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ASME Conference Presenter Attendance Policy and Archival Proceedings

2013;():i. doi:10.1115/MTS2013-NS.
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This online compilation of papers from the ASME/USCG 2013 3rd Workshop on Marine Technology and Standards (MTS2013) represents the archival version of the Conference Proceedings. According to ASME’s conference presenter attendance policy, if a paper is not presented at the Conference by an author of the paper, the paper will not be published in the official archival Proceedings, which are registered with the Library of Congress and are submitted for abstracting and indexing. The paper also will not be published in The ASME Digital Collection and may not be cited as a published paper.

Commentary by Dr. Valentin Fuster

Equipment and Materials

2013;():1-12. doi:10.1115/MTS2013-0301.
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The paper provides background on how bilge water has changed over the years and how technology has enabled manufacturers to stay ahead of the curve by borrowing technological breakthroughs from other areas to the measurement of oil content in the marine environment. Light scattering provides today a universal and reliable method, able to measure the wide range of oils present in a wildly variable and unpredictable bilge water mixture.

Bilge water regulations were put in place to reduce the potential of harm to the environment from oily bilge water discharges. Regulations require that instruments verify effluent quality continually during the discharge process, which precludes the adoption for shipboard use of standard laboratory style testing with the associated time delays to complete the analysis. Measuring oil content with the light scattering measuring instrument is a tried and tested means for compliant bilge water verification. State of the art instruments employ sophisticated light measuring systems and they use complex algorithms to convert the scattered light pattern values into oil content reading, thereby considering interference from other than oil suspended matter, they prevent harm to the environment from bilge water discharges.

Paper published with permission.

Commentary by Dr. Valentin Fuster
2013;():13-20. doi:10.1115/MTS2013-0302.
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Larger vessels are now being moored at terminals which are exposed to high waves and in channels which are subjected to passing-ship-induced forces. These situations increase mooring line wear and loads and sometimes cause mooring failures.

This paper will discuss some of the associated problems and some of the solutions.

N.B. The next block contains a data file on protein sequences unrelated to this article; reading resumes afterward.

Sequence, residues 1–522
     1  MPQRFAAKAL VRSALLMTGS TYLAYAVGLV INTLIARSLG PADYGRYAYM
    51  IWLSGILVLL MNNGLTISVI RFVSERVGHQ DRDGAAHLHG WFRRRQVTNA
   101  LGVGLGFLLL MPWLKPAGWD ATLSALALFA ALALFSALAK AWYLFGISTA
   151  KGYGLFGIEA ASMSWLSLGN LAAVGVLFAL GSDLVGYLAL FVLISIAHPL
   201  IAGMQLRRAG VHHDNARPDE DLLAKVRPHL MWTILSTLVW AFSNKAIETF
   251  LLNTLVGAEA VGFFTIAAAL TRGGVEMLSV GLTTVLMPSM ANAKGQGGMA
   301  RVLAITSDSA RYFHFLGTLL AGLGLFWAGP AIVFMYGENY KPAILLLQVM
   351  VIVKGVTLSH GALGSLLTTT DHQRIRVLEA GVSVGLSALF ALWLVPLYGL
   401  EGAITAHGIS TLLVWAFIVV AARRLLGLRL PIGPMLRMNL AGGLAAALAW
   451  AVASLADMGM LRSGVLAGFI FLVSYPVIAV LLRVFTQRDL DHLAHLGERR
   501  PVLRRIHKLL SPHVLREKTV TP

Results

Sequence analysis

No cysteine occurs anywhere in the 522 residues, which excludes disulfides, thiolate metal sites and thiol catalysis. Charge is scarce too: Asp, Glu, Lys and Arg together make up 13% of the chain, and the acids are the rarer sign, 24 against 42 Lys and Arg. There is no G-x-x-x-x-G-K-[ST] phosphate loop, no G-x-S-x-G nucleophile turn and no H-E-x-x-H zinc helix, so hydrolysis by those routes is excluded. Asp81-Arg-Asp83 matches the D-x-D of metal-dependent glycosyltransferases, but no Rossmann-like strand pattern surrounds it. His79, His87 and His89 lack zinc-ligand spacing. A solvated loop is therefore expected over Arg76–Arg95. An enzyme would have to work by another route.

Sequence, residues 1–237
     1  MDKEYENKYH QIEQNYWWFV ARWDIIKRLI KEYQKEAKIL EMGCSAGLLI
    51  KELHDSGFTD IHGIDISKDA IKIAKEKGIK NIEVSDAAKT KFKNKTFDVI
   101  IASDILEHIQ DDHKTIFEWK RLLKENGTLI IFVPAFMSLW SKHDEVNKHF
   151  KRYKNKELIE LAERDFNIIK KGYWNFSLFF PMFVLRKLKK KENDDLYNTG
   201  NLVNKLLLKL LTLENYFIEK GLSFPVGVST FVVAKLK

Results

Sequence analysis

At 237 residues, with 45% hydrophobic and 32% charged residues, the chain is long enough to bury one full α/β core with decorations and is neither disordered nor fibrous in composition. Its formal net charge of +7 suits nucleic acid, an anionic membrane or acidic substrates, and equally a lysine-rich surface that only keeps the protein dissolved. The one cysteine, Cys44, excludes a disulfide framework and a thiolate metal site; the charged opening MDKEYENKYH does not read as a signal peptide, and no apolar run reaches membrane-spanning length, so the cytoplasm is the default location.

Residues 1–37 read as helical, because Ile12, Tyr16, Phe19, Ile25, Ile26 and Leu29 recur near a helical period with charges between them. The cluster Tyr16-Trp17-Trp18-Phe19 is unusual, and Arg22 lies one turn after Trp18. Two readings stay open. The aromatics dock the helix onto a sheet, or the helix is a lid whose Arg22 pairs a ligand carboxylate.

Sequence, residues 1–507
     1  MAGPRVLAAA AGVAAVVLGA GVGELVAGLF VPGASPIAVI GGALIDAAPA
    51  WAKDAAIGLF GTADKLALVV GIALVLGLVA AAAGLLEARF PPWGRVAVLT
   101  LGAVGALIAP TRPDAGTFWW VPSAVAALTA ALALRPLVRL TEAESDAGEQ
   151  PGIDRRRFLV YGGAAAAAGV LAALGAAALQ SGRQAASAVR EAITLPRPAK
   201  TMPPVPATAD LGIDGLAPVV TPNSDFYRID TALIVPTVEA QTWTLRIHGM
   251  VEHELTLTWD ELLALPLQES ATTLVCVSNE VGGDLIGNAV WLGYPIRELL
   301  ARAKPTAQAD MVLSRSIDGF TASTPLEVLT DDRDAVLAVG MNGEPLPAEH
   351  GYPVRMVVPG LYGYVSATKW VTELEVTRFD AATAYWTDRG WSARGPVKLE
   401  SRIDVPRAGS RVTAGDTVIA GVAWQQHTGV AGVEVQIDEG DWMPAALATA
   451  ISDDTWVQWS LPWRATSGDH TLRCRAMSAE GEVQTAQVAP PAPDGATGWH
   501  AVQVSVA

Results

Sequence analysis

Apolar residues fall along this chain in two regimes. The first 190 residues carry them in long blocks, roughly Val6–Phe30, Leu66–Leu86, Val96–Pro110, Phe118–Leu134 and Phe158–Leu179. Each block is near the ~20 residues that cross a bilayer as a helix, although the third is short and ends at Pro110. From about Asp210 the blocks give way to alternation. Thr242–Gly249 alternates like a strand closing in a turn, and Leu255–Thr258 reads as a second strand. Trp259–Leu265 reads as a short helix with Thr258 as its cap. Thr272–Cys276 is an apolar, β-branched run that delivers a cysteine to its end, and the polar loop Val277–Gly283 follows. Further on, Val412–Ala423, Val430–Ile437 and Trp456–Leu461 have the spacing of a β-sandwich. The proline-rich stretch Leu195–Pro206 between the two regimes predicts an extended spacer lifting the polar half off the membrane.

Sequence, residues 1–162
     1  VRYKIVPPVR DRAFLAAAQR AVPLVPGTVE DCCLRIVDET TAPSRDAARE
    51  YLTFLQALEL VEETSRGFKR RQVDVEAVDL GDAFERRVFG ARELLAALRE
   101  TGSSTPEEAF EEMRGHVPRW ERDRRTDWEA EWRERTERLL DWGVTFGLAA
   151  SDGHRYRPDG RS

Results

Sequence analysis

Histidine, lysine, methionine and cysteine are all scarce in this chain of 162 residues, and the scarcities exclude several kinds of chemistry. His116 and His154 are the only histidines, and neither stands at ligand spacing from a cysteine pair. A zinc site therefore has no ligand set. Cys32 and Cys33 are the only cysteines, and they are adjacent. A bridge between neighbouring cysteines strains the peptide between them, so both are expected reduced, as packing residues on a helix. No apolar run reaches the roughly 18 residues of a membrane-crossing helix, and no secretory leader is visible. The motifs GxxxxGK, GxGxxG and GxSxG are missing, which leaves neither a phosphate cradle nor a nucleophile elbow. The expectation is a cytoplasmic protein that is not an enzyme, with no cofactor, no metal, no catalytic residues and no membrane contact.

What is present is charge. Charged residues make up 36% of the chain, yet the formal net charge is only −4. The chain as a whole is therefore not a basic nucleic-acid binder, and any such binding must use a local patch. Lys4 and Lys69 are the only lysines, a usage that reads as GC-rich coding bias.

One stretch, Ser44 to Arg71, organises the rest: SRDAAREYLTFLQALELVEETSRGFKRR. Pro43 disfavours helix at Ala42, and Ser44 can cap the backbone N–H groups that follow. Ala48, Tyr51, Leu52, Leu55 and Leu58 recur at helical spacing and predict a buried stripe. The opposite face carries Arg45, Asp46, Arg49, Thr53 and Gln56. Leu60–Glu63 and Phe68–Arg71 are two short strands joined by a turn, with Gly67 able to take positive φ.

Use of high-performance fiber ropes instead of wire ropes can decrease mooring loads. These mooring line ropes can be handled by fewer people. The risk of injuries is greatly reduced.

When properly cared for, these fiber ropes last longer than wires in service. But fiber ropes are vulnerable to abrasion damage, especially in vessel fairleads. Special nylon fairlead liners are now available to eliminate this wear problem.

Fiber rope tails are used on mooring lines to increase stretch and reduce peak loads. Greater vessel motions at exposed location moorings have caused cyclic loading fatigue in nylon tails. Industry recommendations have now been clarified to allow the use of longer nylon tails and of polyester tails. More durable nylon tails are now available.

Larger vessels entering into and mooring along confined channels increase the risks of passing ship problems. Passing-ship induced forces increase with vessel size and with the greater speed at which larger vessels must pass in order to maintain steerage.

Computer mooring analyses should be conducted to ensure that mooring arrangements are adequate. These analyses should account for effects of waves at exposed locations and should include appropriate passing-ship forces.

This paper will be of interest to designers and operators of large vessels and of marine terminals intended for such vessels.

Paper published with permission.

Topics: Mooring
Commentary by Dr. Valentin Fuster
2013;():21-27. doi:10.1115/MTS2013-0303.
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Vortex-induced vibration (VIV) of a flexible structure is a hydro-elasticity phenomenon. In current VIV design of marine tubular, the effect of structural stiffness variations is not fully accounted for. A new design procedure for the VIV motions of the first mode is presented in this paper. Numerical examples indicate that this new method may provide a safer design.

Paper published with permission.

Commentary by Dr. Valentin Fuster
2013;():28-51. doi:10.1115/MTS2013-0304.